King George II

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See also Wikipedia's article about "George II of Great Britain".

King George II granted[1] a Royal Charter for the opening of King's College in 1754.

He was the second British king of the Hanoverian dynasty. His father was George I, a German prince who was somewhat estranged from his subjects, spoke little English, and kept a closer eye on his German dominions (where he was a Prince-Elector of the Holy Roman Empire) than Britain itself. He feuded with his father and his son, and also with his grandson, who would be become George III.

George II was born in Germany, but grew up in Great Britain. He is notable in British constitutional history for being the first monarch to delegate significant executive power to the recently-created role of Prime Minister. He preferred to shy away from matters of state, and devoted his time to be a patron of scholarship and the arts. One of his more notable acts was to order a transition from the Julian to the Gregorian calendar. In all, he was probably the best of the four Georges. Unlike his predecessor, he genuinely tried to be a King of Great Britain instead of a Deutsche Fische out of Wasser. And unlike his successor, he preferred talking to people instead of trees.

His full title was George the Second, by the Grace of God, King of Great Britain, France[2] and Ireland, Defender of the Faith[3], Duke of Brunswick-Lüneburg[4], Archtreasurer and Prince-Elector of the Holy Roman Empire[5], etc.[6]

His full title in Latin, which was used in certain treaties and legal documents (apparently, the British Parliament was required to publish summaries of its actions in Latin well into the 19th century), was Georgius Secundus, Dei Gratia Magnae Britanniae, Franciae et Hiberniae Rex, Fidei Defensor, Brunsvicensis et Luneburgensis Dux, Sacri Romani Imperii Archithesaurarius et Elector.

References

  1. It is important to note that George II did not actually issue the Charter by himself. The colonial Governor of New York, James DeLancey, acting governor of the Province of New York (his predecessor had decided to off himself by hopping into the Hudson), issued the charter in the name of George II after being petitioned by the citizenry, which, as Royal Governor, he had the authority and right to do. It is very likely that, given the policy of salutatory neglect, George II himself had no idea that such a charter was issued until after the fact. It didn't stop him from contributing lots of money.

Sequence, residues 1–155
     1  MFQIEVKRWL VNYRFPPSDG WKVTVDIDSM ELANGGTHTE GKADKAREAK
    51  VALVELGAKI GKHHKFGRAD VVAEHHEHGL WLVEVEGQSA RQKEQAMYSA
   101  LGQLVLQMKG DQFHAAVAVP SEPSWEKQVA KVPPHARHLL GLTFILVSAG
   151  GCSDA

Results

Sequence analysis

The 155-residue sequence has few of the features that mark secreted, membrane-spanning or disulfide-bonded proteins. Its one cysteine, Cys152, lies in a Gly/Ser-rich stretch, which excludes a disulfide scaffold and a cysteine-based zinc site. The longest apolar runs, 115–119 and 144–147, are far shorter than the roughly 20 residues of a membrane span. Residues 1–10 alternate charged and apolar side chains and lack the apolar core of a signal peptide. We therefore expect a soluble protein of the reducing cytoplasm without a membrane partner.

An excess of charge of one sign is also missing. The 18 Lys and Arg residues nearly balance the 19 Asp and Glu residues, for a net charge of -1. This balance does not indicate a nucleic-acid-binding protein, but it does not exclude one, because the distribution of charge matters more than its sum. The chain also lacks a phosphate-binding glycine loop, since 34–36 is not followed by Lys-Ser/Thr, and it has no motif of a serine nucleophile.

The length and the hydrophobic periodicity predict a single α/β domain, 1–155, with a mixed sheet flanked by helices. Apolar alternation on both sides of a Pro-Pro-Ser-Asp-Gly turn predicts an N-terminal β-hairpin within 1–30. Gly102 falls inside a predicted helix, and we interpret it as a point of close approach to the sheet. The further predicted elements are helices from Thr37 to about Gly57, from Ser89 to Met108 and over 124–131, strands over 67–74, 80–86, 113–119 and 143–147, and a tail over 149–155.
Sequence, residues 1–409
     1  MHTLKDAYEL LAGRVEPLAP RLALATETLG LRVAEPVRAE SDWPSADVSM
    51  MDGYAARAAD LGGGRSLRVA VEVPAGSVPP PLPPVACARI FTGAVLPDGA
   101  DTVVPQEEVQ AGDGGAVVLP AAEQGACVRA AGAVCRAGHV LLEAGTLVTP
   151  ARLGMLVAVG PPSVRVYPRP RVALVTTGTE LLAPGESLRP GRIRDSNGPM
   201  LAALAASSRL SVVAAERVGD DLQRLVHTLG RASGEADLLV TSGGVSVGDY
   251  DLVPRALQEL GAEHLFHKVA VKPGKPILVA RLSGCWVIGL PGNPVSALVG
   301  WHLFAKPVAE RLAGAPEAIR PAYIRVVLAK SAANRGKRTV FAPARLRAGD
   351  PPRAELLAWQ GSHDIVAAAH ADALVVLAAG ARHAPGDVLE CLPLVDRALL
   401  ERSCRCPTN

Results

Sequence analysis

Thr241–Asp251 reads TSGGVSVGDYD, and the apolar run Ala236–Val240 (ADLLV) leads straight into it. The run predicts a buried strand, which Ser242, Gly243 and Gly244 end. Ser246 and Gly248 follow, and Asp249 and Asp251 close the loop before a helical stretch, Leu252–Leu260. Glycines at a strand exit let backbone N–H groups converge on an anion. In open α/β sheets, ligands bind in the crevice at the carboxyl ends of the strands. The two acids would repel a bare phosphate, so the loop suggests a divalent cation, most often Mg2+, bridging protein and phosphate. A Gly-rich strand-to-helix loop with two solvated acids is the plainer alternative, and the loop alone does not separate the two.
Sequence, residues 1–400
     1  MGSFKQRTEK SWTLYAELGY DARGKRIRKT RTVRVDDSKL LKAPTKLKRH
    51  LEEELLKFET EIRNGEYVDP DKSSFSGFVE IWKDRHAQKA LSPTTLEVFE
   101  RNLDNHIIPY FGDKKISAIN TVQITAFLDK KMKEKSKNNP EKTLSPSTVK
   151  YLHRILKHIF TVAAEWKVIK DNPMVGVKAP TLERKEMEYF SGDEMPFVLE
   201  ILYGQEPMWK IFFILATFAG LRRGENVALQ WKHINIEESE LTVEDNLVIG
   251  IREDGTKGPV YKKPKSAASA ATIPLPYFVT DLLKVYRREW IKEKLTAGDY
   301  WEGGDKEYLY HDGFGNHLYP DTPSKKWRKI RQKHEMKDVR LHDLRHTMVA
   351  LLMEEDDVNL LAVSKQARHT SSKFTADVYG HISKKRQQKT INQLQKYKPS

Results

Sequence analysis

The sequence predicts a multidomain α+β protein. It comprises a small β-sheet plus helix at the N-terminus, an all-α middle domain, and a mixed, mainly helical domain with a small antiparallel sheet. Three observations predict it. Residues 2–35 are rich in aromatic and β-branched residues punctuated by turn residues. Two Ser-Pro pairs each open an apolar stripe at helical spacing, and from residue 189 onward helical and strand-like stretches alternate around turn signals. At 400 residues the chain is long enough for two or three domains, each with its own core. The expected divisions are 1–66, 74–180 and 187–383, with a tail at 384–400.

2. Due to a centuries-old territorial dispute, every English / British monarch kept up the legal fiction of also being the King of France from 1369 to 1801. Legal documents and agreements between the kings of Great Britain and France during the 18th century were correspondingly absurd. The creation of the United Kingdom of Great Britain and Ireland (as well as the fact that the French monarchy had been abolished in 1792) created an opening for George III to drop it from his title in 1801.
  3. The title fidei defensor was originally granted by Pope Leo X to King Henry VIII in 1521, after Henry VIII published a stirring defense of Catholicism in the face of Lutheran attack. Later on, when Henry VIII decided that Lutheran attacks nevertheless allowed him to divorce his wife, the Pope stripped him of this title. Nevertheless, Henry VIII liked it so much that he had Parliament re-confer it upon him, which every British monarch ever since has kept.
  4. The Hanoverian kings had significant holdings in continential Europe. They ruled as Dukes of Hanover until 1814, when they decided that the title King of Hanover suited themselves better. This continued until Prussia annexed Hanover in 1866 and deposed the Hanoverian dynasty.
  5. Supposedly, the Holy Roman Emperor was "elected" by German princes. Supposedly, the Holy Roman Emperor had real political power. Supposedly, the title "archtreasurer and prince-elector" meant some sort of fiscal responsibility. In reality, the Holy Roman Empire was, in the words of Voltaire, "neither Holy, nor Roman, nor an Empire" and would be quietly and unceremoniously wound down in 1806. But it was a nice title.
  6. At various points he was also "Duke and Marquess of Cambridge", "Earl of Milford Haven", "Viscount Northallerton", "Baron Tewkesbury", "Prince of Wales", "Earl of Chester", "Duke of Cornwall", and "Duke of Rothesay". Where these places are and why they matter, perhaps only he knows.
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